But this is supposing, that the two squadrons were fitted in an equal manner ; whereas, however incredible it may appear, before they could fire a single great gun on board the Detroit, the men were obliged to discharge a pistol at the touch-hole ! By adding 80 Canadians, and 240 soldiers from the Newfoundland and 41st regiments, to the 50 British seamen, the crew of Commodore Barclay's squadron is made to amount to 345 ; whereas
On the 10th, soon after daylight, Commodore Barclay discovered the American squadron at anchor in Put-in bay, and immediately bore up, with the wind from the south-west, to bring the enemy to action. Captain Perry thereupon got under way to meet the British ; who, at 10 a.m., by a sudden shift of wind to south-east, were thrown to leeward of their opponents. Commodore Barclay, who carried his broad pendant on board the Detroit, so stationed his vessels, that those which were the nearest to an equality of force in the two squadrons might be opposed together. The schooner Chippeway, commanded by master's mate J. Campbell, was in the van. Then came, in succession, the Detroit and Queen-Charlotte, the latter commanded by Captain Robert Finnis, brig Hunter, Lieutenant George Bignell, schooner Lady-Prevost, Lieutenant Edward Buchan ; and the sloop Little-Belt, by whom commanded we are not aware, brought up the rear.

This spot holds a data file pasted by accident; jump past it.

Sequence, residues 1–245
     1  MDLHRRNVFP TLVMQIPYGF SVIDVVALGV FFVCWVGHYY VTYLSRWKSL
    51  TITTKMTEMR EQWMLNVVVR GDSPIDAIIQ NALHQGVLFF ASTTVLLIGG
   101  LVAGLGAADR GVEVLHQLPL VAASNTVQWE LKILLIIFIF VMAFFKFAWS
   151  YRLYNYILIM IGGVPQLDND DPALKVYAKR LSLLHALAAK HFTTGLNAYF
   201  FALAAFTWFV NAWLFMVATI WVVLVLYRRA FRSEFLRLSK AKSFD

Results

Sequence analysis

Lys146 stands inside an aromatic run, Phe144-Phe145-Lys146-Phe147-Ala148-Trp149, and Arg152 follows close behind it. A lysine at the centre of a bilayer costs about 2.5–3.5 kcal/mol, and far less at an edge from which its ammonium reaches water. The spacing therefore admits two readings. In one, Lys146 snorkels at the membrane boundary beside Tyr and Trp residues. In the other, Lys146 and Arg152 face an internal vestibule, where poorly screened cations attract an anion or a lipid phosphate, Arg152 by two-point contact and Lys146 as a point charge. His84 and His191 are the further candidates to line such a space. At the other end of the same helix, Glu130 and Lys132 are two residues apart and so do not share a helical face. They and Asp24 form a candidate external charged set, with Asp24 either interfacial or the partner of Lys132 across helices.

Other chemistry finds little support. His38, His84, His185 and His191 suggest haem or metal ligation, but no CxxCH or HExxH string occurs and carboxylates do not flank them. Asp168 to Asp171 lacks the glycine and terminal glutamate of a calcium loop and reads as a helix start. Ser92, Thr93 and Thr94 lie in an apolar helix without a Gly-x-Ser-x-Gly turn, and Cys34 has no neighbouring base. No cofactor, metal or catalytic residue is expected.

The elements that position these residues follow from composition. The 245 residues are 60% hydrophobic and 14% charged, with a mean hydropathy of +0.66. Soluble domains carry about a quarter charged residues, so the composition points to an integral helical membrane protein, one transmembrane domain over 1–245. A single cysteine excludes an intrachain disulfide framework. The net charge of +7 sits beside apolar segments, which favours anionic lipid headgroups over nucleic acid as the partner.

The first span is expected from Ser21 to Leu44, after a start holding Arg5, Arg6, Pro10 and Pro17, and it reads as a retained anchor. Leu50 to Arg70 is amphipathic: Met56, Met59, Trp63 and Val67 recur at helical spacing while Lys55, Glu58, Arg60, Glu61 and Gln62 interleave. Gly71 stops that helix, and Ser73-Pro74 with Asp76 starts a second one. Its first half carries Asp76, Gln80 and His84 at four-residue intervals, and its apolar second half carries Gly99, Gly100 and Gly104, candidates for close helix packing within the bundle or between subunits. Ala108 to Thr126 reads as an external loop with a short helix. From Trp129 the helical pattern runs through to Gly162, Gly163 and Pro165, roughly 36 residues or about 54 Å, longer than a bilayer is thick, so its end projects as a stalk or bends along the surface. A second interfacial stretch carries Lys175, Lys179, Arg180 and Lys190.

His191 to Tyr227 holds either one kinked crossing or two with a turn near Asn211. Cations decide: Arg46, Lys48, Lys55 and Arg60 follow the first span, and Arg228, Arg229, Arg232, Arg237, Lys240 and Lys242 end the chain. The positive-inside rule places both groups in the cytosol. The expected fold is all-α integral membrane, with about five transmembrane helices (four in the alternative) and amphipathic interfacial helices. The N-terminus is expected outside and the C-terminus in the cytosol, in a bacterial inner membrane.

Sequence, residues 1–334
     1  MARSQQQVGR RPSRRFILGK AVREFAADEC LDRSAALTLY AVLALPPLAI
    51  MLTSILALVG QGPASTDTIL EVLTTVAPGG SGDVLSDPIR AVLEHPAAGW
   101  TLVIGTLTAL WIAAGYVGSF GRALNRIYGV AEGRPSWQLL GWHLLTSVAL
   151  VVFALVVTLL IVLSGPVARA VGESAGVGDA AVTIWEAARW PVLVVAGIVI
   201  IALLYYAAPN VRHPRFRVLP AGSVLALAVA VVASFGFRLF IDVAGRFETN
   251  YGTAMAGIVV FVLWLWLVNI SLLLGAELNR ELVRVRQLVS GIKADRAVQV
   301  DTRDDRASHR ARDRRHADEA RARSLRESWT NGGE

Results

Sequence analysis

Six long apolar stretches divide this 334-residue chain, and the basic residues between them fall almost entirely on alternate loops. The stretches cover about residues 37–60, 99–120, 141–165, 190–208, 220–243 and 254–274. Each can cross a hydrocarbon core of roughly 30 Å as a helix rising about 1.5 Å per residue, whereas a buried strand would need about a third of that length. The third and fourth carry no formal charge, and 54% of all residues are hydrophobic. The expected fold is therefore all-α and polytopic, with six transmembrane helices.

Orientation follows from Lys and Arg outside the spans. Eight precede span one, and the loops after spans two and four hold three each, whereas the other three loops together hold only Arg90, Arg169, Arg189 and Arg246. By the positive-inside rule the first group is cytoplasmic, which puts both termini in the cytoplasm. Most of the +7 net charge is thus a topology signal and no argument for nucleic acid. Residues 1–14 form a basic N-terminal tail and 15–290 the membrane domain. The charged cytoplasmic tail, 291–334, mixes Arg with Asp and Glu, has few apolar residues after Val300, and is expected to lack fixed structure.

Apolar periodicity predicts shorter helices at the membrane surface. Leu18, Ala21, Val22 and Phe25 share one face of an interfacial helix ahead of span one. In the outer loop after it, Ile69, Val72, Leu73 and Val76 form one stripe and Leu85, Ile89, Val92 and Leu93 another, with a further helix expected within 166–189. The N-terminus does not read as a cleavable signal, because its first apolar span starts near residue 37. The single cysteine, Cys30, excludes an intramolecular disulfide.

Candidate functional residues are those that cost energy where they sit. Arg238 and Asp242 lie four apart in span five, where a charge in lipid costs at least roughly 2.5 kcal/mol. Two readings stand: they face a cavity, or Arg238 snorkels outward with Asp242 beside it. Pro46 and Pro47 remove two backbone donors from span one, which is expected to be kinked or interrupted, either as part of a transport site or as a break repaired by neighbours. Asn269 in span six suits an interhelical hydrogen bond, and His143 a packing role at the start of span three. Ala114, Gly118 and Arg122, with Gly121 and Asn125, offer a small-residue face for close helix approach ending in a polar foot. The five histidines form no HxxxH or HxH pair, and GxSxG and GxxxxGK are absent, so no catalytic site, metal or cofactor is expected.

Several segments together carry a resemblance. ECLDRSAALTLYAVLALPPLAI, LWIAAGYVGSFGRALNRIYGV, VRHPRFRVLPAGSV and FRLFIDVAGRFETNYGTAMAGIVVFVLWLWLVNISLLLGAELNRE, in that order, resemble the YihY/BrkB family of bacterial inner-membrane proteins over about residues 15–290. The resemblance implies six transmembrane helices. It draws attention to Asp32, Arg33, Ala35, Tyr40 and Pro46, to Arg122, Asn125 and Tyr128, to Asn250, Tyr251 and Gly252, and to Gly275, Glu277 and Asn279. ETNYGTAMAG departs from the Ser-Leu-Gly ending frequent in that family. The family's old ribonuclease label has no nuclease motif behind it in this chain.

At about 11 h. 45 m. a.m. the action began ; and the Detroit became closely engaged with the Lawrence, Captain Perry's brig, supported by the schooners Ariel and Scorpion. Although the matches and tubes of the Detroit were so defective, that pistols were obliged to be fired at the guns to set them off, the seamen, Canadians, and soldiers plied their guns so well that, in the course of two hours, they knocked the Lawrence almost to pieces, and, after driving Captain Perry out of her, compelled her to surrender ; but, having sailed with only one boat, and that being cut to pieces, the Detroit could not take possession of the American brig, and the latter, as soon as she had dropped out of gun-shot, rehoisted her colours.
In the mean time the Queen-Charlotte, with her 24-pounder carronades, had been opposed by the Niagara, supported, as the Lawrence had been, by two schooners with heavy long guns. In a few minutes Captain Finnis was killed ; and his successor in the command, Lieutenant John Stokes, was struck senseless by a splinter. The next officer, provincial Lieutenant Irvine, was without any experience, and therefore comparatively useless.
The Queen-Charlotte soon afterwards struck her colours. From having kept out of the range of the Charlotte's carronades, the Niagara was a fresh vessel, and to her Captain Perry proceeded. As soon as he got on board, the American commodore,
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